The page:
In Taipei’s Daan District, where moonlit markets, bars and glittering boutiques dominate the townscape, tranquility secretly dwells in the residential interludes. The author of this Asian minimalist interior design is Jin Chen from ECRU Studio. The designer is a self-proclaimed decorative minimalist, and this 220-square-metre, three-storey ground floor apartment is a true-blue reflection of his understated design ethos.
The house is rooted in duality, posing as an equal mix of classic and contemporary, symmetry and contrast. It features contemporary cocoons with eclectic details and old-world flair.
The living room masquerades as a jewel box of mid-century French and Italian furniture. This Asian minimalist provides a boucle sofa, a curved coffee table, Rene Gabriel armchairs and a mid-century table lamp by. A Boulbon Club armchair by and a vintage French wood box sculpture lend a modish flourish. However, it’s the timber and polished plaster ceiling beams that really shine through as the pièce de resistance.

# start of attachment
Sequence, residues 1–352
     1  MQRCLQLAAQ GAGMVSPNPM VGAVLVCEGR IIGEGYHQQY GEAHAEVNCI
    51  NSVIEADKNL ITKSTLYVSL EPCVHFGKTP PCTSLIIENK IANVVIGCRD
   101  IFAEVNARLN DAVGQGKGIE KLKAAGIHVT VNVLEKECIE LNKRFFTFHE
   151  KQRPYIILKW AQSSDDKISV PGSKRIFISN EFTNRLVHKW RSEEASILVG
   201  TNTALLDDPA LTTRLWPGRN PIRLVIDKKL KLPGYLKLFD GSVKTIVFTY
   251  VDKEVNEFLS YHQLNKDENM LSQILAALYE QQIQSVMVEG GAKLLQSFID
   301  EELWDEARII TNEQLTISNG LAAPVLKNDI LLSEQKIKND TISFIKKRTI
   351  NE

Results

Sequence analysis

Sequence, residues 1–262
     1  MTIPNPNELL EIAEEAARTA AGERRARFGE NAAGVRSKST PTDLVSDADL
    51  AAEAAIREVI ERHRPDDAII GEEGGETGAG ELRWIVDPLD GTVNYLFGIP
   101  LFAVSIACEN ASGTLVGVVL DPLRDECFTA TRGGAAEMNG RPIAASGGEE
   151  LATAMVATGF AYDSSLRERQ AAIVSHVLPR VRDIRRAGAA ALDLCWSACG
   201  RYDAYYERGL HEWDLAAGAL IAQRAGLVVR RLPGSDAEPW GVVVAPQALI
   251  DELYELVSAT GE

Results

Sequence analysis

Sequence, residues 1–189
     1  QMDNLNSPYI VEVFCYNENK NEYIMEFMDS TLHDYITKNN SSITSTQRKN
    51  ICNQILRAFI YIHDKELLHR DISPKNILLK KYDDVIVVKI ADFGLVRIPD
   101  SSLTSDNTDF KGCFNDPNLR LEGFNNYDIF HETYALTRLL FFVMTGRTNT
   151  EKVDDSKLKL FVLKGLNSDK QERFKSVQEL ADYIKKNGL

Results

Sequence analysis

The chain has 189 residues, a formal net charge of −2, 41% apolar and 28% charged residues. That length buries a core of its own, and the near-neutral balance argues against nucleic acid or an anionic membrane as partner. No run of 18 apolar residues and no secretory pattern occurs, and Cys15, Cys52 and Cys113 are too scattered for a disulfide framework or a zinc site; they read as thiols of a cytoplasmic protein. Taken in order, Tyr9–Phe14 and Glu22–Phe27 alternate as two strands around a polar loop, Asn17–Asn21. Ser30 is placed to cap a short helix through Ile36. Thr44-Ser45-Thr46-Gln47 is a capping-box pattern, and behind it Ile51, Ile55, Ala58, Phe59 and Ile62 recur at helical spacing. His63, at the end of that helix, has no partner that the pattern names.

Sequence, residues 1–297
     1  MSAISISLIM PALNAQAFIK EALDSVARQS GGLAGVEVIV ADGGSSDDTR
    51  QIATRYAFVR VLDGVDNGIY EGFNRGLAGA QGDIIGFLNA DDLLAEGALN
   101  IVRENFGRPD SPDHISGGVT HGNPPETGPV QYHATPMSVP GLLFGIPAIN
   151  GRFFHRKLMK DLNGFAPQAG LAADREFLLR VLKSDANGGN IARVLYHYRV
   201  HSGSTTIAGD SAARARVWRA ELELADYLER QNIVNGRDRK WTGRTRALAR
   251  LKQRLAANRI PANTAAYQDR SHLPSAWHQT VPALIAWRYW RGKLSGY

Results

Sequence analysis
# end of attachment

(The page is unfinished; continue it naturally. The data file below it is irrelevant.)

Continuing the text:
Each space has a distinct aesthetic identity. A high-polish, black frame, separates the dining room from the lounge. The Dinesen oak floor makes a familiar reappearance, warmly underpinning the antique French table and Charlotte Perriand rush dining chairs.
The master bedroom could easily pass off for a Parisian boudoir. Antique doors, salvaged from an old French castle, adorn the doorways, in a whimsical fairytale twist. The furniture scheme marries old and new, with French 1950s armchairs, vintage Italian wall sconces and a pair of antique red column-turned-nightstands conjuring up a classic backdrop for new-world elements.
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Photos: Suiyu Studio